automatically, regardless of what MatchEngine is associated with a given
index.

    my $ordinary_searcher = Lucy::Search::IndexSearcher->new(index => $path);
    my $special_searcher  = Lucy::Search::Searcher->new(
        index => $path_to_index_with_schema_specifying_custom_match_engine,
    );

    # Use the same plain old ORQuery with both indexes.
    my $or_query = Lucy::Search::ORQuery->new(
        children => [
            Lucy::Search::TermQuery->new(field => 'title', term => 'foo'),
            Lucy::Search::TermQuery->new(field => 'title', term => 'bar'),
        ],
    );
    my $ordinary_hits = $ordinary_searcher->hits(query => $or_query);
    my $special_hits  = $special_searcher->hits( query => $or_query);

> > Writing extensible classes which are designed to be subclassed by users is a
> > very difficult computer science problem in general.
> 
> Yes, it's a hard problem, but over the last 10 years or so there has
> been a lot of progress on best practices under the general rubric of
> "Dependency Injection".      Particularly for a hybrid of compiled and
> interpreted code, we need a runtime means of choosing which
> implementation will perform a given service according to a fixed
> interface.  I think it's worth debating the means by which to solve
> this problem, but  we definitely benefit by improving the current
> approach.   But again, the problem isn't the ease of subclassing
> (which is great) rather the inability to substitute dependencies.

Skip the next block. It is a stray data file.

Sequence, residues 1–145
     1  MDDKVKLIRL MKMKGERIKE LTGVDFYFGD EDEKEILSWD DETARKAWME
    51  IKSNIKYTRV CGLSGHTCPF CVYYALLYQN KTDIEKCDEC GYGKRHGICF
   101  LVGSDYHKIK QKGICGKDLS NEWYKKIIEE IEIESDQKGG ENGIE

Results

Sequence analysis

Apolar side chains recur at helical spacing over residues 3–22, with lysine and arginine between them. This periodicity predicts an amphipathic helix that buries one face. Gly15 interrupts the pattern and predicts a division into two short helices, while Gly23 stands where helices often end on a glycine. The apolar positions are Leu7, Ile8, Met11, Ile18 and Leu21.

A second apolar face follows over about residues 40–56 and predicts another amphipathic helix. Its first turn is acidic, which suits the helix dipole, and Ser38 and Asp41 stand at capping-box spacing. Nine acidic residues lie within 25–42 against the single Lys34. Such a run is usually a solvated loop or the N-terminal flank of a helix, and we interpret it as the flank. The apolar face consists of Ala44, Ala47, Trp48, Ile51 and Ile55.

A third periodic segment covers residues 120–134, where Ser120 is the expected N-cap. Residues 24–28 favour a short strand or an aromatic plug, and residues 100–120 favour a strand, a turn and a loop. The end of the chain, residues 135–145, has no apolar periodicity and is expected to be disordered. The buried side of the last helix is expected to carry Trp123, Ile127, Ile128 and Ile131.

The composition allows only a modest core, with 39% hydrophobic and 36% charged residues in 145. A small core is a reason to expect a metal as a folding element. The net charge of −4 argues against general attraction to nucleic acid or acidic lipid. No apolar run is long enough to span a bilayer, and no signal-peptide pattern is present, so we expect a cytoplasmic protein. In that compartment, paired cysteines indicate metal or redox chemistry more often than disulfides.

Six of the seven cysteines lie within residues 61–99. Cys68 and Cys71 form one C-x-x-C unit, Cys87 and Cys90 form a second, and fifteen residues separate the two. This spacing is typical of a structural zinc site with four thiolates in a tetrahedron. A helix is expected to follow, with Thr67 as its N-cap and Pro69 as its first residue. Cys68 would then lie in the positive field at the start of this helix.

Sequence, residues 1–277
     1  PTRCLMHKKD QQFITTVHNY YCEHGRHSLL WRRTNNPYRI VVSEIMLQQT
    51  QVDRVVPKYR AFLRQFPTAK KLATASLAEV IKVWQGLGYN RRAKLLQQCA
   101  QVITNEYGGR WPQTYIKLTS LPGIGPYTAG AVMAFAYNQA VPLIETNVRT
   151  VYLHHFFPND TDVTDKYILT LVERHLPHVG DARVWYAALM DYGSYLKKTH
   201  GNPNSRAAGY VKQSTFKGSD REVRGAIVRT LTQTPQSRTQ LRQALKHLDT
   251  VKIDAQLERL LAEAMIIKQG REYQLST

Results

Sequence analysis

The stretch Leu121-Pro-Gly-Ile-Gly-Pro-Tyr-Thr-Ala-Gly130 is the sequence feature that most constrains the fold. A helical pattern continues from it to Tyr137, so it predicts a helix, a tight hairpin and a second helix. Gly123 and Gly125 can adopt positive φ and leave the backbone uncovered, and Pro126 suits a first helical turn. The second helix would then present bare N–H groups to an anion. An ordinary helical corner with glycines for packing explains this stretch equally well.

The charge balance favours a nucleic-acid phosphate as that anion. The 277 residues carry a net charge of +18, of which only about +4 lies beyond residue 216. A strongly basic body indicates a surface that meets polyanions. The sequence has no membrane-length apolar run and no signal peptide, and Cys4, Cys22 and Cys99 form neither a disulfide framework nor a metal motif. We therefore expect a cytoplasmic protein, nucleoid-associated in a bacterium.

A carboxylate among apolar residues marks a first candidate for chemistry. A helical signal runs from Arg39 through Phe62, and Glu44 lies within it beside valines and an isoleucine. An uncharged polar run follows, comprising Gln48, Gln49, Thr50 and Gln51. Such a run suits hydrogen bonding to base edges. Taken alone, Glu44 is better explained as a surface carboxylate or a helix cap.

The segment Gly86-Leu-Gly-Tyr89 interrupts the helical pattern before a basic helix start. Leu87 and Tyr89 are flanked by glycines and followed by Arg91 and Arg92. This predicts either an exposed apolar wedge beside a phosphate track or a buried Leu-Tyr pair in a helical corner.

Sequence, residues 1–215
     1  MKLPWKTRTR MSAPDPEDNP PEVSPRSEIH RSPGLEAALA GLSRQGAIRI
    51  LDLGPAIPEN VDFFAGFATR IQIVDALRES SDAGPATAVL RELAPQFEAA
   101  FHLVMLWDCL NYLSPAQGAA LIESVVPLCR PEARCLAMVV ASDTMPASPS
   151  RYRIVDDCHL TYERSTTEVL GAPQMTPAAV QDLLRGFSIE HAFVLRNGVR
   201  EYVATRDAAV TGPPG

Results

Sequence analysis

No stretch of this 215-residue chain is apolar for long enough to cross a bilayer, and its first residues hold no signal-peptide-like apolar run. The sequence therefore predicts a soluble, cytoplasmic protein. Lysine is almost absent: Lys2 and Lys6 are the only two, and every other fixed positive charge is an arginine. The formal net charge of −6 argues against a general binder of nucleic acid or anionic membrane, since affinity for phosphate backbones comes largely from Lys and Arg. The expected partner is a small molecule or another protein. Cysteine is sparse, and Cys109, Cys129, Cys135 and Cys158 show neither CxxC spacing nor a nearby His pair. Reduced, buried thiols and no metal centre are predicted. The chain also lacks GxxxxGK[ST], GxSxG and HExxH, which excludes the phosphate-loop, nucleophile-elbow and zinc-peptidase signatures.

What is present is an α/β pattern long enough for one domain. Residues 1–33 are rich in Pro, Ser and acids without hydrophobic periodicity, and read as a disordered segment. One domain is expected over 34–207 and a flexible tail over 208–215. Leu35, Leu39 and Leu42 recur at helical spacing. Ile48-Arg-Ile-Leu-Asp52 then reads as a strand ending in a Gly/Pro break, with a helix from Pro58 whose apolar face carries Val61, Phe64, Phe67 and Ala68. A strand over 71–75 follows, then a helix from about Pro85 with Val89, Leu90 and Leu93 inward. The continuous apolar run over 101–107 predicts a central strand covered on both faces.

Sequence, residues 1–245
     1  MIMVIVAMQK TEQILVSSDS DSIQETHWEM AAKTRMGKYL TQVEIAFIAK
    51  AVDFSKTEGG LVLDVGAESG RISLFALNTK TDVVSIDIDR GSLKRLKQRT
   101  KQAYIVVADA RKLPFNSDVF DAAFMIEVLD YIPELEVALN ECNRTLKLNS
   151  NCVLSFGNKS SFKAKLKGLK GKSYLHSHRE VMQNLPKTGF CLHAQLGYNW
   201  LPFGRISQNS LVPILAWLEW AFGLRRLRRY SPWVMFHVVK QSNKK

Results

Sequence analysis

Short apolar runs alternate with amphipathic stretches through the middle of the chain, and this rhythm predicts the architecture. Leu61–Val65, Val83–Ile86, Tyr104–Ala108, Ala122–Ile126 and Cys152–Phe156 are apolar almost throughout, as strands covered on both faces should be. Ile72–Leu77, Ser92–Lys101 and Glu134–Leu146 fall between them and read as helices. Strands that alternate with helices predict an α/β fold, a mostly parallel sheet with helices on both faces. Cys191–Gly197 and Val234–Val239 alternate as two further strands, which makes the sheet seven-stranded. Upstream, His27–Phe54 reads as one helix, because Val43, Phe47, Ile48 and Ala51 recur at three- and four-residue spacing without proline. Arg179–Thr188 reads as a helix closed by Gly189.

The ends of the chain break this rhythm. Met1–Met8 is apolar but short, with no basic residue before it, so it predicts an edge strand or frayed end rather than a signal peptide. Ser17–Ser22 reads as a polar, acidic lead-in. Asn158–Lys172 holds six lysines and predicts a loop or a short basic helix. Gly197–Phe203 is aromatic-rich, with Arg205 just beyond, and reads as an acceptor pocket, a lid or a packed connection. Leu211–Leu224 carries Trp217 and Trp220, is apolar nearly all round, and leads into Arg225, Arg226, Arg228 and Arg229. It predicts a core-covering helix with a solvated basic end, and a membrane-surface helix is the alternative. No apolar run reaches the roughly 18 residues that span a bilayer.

Is solving the dependency-substitution problem at the index level good enough?

I believe it will be possible to allow search-time overriding of an index's
default MatchEngine via IndexSearcher:

    my $searcher = Lucy::Search::IndexSearcher->new(index => $path_to_index);
    $searcher->set_match_engine(MyOtherMatchEngine->new);
    my $hits = $searcher->hits(query => 'foo OR bar');

Put another way: you won't have to regenerate your index in order to try out a
different MatchEngine.

/***************** Option 4: Abuse the class loader. ********************/
 
> > It would be a Bad Idea to replace an entry in the ORMATCHER VTable.  VTable
> > objects, once exposed, must not be modified in any way.  Instead, it's
> > important to create a *copy* of ORMATCHER using VTable_singleton() and replace
> > an entry in that.
> 
> It doesn't really matter much to me whether individual functions
> within ORMATCHER can be changed, or whether the entire entry needs to
> be swapped out and replaced.  What is important is that there be some
> stage at which the "label" ORMATCHER can safely be changed to point to
> a different "entry".  I'm hoping there is room for a setup stage where
> this is possible before the VTable is "exposed".
 
I included this proposal as the last option in the list of dependency
injection techniques above.  The idea is to support dependency injection by
allowing changes to the class-name-to-vtable mapping in the VTable_registry,
or possibly changes to the VTables themselves.

The fundamental problem is that VTables are globally visible quasi-singleton
variables, referenced by many other objects.  If we allow them to be mutable,
we end up with classic global variable problems: susceptibility to